Despite Colorado’s good fortunes, and our consistent high ranking on lists of best places to live, our state can be a nightmare for mental health patients and those who love them. We typically rank among the bottom half of states regarding per capita prevalence of mental illness, and access to care.
Our consistent ranking among 10 states with the highest suicide rates probably relates to our stingy approach to mental health care. It might play a role in our growing rate of domestic abuse, homelessness, alcoholism, drug abuse, and the general despair of people with psychological illnesses who have almost no access to help.
The state’s shameful lack of mental health resources hit a new low this month when the Colorado Department of Human Services dropped to zero — yes, zero — the number of state psychiatric beds available to adults who are not in jail.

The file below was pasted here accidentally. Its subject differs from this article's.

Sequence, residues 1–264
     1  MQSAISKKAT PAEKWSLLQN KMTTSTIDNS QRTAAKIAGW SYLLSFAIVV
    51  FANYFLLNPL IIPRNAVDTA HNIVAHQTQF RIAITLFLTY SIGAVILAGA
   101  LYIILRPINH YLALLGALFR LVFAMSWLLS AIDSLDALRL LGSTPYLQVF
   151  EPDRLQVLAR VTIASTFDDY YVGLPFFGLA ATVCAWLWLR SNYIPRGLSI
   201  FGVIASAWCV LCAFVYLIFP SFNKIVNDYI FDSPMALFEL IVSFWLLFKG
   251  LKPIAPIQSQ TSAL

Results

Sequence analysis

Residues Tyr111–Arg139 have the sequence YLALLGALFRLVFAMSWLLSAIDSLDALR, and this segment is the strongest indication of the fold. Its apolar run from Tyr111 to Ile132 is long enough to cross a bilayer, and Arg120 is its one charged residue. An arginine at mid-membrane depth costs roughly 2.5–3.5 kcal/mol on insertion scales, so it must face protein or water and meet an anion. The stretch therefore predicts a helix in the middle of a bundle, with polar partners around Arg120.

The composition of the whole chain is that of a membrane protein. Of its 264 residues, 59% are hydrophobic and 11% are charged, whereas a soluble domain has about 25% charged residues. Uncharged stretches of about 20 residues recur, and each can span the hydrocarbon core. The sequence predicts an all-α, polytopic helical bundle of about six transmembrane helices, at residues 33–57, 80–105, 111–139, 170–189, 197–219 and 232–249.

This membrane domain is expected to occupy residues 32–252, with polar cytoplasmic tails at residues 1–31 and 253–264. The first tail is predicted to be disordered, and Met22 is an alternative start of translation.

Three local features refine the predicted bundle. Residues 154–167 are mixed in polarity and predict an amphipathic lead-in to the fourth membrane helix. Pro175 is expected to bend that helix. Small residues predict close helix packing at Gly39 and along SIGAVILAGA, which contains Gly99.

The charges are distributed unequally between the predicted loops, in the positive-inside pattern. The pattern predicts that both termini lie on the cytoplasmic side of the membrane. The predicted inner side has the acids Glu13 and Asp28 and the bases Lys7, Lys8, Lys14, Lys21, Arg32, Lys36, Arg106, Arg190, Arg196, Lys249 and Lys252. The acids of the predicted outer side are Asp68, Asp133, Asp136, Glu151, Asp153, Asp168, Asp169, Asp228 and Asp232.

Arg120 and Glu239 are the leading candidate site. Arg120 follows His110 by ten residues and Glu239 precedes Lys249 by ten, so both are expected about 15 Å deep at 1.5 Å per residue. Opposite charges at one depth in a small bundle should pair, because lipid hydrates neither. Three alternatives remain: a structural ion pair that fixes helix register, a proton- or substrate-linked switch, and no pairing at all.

The department’s decision addresses the problem of criminal defendants languishing for months in jails while awaiting state-provided treatments for psychiatric conditions associated with their charges. The lack of mental health resources for inmates has become so severe the federal government is suing the Department of Human Services.
In trying to appease federal litigators, the state merely exacerbates problems for uninsured and financially challenged patients who have not been arrested. It reduces one problem by increasing another. We cannot resolve a shortage by redistributing burdens from one group to another. This is a microcosm of the general health care crisis. We must innovate and grow our way out of this dilemma by producing adequate resources of care — publicly, privately and both.
As explained by Gazette reporter Jakob Rodgers, the admission ban primarily affects the state’s 90-plus-bed Fort Logan hospital in Denver. The state’s only other psychiatric hospital — Colorado Mental Health Institute at Pueblo — largely stopped accepting noninmates a few years ago for the same reasons.